The Federal Reserve Board is "mounting a concerted effort" to cover up waste and abuse in its check-clearing system, Rep. Henry B. Gonzalez, D-Tex., charged this week.

Rep. Gonzalez, the House Banking Committee's ranking Democrat, repeated calls for hearings to investigate whether the Fed unfairly competes with private-sector couriers and bilks taxpayers by subsidizing a fleet of planes to ferry checks across the country.

He first leveled the charges in January, following a one-year investigation by the House Banking Committee's Democratic staff.

On Monday, Rep. Gonzalez complained in a written statement that a "cursory, dismissive" response from Fed Chairman Alan Greenspan convinced him "there is a lot more dirt under the rug."

"The stonewalling and obstructionist tactics will only provoke more questions," he said.

Rep. Gonzalez charged in January that the Fed is violating the Monetary Control Act of 1980 because fees charged to banks aren't high enough to cover the cost of check-clearing services.

In a two-page April 29 letter to Rep. Gonzalez, Mr. Greenspan said the Fed has found no evidence of illegal action by the Federal Reserve Bank of Boston, which runs the check-clearing operation, known as the Interdistrict Transportation System, or ITS.

Mr. Greenspan said the law does not require the Fed to cover ITS costs separately. Rather, total revenue from all fee-based services must be sufficient to pay their combined expenses.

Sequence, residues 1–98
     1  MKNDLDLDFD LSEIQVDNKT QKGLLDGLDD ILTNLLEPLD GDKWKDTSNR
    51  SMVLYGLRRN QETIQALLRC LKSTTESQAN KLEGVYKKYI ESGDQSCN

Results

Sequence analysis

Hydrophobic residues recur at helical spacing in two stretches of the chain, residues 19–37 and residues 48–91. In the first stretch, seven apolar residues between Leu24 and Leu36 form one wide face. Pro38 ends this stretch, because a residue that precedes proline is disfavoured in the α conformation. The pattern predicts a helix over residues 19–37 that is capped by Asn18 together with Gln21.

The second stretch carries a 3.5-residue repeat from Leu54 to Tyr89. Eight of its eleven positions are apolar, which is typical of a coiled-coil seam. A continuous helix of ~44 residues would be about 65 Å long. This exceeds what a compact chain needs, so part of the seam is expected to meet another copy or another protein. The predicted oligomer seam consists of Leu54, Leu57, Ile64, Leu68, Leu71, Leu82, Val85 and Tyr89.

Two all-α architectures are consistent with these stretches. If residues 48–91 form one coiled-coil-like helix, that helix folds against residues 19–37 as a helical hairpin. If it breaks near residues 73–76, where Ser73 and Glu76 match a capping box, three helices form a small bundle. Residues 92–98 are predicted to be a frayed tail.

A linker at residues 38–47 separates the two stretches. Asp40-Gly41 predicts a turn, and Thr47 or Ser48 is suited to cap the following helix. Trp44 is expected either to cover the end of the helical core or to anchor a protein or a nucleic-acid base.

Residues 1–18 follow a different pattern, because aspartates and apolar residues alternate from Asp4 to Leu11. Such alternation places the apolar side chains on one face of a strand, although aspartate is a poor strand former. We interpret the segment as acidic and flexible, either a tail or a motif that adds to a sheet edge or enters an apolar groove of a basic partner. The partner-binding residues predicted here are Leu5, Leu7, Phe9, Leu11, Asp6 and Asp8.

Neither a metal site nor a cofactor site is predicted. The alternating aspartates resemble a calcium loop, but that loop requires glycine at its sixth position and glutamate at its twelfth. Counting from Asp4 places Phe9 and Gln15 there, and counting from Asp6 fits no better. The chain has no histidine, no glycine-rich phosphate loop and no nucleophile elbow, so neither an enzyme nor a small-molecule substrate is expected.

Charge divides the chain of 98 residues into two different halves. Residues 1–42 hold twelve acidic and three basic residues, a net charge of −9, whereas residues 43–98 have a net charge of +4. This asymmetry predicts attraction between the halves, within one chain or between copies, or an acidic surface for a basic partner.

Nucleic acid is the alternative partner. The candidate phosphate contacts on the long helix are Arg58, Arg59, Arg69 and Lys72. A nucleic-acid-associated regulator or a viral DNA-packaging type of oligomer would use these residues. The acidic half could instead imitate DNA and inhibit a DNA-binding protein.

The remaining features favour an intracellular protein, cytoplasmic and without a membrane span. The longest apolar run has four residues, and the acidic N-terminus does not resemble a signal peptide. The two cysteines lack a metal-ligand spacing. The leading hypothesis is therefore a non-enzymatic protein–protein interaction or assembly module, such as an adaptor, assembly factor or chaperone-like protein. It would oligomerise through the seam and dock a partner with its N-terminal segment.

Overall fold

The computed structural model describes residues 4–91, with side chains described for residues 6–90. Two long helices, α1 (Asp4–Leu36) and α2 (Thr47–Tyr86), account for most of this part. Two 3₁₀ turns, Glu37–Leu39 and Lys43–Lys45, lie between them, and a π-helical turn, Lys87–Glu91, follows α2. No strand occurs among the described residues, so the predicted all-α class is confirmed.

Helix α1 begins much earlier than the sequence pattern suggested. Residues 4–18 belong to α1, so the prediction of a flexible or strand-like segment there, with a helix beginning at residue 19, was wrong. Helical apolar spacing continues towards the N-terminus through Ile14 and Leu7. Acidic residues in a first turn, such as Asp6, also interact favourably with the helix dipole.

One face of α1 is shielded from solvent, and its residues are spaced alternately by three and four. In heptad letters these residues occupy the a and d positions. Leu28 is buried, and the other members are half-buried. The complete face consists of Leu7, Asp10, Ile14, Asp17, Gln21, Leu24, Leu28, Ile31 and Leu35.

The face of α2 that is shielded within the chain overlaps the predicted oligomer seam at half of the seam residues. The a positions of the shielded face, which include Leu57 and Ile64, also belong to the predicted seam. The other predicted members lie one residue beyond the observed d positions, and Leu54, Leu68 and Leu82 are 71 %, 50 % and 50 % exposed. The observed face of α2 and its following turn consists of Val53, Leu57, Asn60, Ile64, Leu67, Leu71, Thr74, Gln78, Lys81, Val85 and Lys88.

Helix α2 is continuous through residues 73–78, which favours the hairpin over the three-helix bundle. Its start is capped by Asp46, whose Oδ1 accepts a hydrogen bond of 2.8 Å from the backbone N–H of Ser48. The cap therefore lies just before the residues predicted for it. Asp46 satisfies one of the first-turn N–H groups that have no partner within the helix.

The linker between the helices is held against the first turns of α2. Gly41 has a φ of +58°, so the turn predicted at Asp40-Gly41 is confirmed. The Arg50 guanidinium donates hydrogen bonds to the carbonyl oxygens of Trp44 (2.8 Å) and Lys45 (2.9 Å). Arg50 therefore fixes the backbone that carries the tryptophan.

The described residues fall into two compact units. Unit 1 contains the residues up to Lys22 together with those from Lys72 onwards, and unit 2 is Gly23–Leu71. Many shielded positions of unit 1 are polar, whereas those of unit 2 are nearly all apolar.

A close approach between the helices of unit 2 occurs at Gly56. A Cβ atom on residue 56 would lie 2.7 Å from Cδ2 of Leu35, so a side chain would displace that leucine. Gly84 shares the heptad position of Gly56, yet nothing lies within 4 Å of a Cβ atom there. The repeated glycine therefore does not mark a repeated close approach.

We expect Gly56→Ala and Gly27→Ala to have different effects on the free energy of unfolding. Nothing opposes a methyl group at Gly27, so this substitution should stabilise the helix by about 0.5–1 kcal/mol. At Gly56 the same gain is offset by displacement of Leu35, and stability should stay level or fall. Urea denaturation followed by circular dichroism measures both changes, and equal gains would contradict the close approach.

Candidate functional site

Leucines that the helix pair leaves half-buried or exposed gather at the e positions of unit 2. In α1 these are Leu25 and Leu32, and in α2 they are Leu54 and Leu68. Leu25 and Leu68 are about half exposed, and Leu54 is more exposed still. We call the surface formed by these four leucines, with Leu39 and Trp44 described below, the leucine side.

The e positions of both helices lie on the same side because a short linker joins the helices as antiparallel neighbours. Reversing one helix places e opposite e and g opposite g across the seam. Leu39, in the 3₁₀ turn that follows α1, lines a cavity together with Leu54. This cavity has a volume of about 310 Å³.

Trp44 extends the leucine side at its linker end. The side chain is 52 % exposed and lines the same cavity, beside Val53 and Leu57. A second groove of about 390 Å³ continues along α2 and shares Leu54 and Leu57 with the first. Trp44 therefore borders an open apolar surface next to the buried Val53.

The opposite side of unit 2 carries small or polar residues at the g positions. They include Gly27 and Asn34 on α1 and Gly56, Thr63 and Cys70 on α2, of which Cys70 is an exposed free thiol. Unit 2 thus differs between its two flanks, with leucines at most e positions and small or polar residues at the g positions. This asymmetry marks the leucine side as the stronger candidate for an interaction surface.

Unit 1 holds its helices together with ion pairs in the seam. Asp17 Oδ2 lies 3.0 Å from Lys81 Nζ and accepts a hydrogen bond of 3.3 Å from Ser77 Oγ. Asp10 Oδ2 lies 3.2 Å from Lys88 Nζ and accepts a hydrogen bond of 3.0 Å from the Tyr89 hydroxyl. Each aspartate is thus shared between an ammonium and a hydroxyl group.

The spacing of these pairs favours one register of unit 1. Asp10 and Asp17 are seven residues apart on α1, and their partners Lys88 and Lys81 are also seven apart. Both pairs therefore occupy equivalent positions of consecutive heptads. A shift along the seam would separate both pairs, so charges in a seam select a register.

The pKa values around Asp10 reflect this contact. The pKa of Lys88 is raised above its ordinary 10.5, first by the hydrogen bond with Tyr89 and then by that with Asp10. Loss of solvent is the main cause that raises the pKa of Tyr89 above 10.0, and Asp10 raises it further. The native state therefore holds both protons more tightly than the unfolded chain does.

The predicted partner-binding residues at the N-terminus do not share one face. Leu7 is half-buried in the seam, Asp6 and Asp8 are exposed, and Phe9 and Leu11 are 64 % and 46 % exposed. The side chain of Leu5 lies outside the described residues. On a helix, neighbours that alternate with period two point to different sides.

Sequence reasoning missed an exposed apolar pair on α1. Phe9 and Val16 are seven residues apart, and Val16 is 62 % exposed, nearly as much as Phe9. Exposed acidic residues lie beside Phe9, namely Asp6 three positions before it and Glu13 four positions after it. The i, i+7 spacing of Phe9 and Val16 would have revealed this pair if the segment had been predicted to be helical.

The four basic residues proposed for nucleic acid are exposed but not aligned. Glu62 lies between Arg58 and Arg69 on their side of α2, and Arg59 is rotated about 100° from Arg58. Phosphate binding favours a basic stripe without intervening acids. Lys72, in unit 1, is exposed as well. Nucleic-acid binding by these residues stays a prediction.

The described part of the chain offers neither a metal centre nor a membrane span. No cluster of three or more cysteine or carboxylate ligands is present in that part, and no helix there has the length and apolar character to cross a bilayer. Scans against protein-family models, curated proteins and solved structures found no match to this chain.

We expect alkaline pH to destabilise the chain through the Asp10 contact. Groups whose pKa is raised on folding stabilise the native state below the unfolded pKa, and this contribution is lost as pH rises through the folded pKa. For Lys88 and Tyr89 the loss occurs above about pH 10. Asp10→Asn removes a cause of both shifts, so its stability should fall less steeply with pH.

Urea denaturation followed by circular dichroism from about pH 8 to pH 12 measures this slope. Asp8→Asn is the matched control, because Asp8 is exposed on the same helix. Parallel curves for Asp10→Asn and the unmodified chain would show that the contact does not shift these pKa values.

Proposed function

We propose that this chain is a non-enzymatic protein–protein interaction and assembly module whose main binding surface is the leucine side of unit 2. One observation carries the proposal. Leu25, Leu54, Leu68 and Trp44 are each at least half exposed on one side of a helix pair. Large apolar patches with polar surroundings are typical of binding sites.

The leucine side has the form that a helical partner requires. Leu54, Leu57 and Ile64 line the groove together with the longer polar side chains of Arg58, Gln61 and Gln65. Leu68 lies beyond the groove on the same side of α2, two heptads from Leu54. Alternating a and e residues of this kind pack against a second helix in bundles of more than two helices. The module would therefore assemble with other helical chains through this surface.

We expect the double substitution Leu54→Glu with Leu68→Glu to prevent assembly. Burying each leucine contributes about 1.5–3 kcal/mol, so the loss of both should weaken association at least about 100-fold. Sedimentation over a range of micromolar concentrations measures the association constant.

But Rep. Gonzalez said internal Fed documents indicate that the agency understood the Monetary Control Act requires fees be sufficient to recover specific check-clearing costs.

The investigation unveiled a Fed practice of subsidizing bank check clearing while overcharging the U.S. Treasury for the same service.

According to the January report, the Treasury was charged almost $5 a pound to transport checks, while the fee for commercial checks is $3.10 a pound.

The Fed's practices unfairly block private courier firms from competing for check-clearing business and burden taxpayers with the higher fees charged to the Treasury.

Furthermore, Rep. Gonzalez said five ITS employees have documented Fed attempts to cover up its illegal subsidies of a private air carrier's fuel purchases.

Federal Reserve officials Tuesday had no comment on Rep. Gonzalez' latest charges. House Banking Committee Chairman Jim Leach has not decided whether to hold hearings, a spokesman said.

Subscribe Now

Access to authoritative analysis and perspective and our data-driven report series.

14-Day Free Trial

No credit card required. Complete access to articles, breaking news and industry data.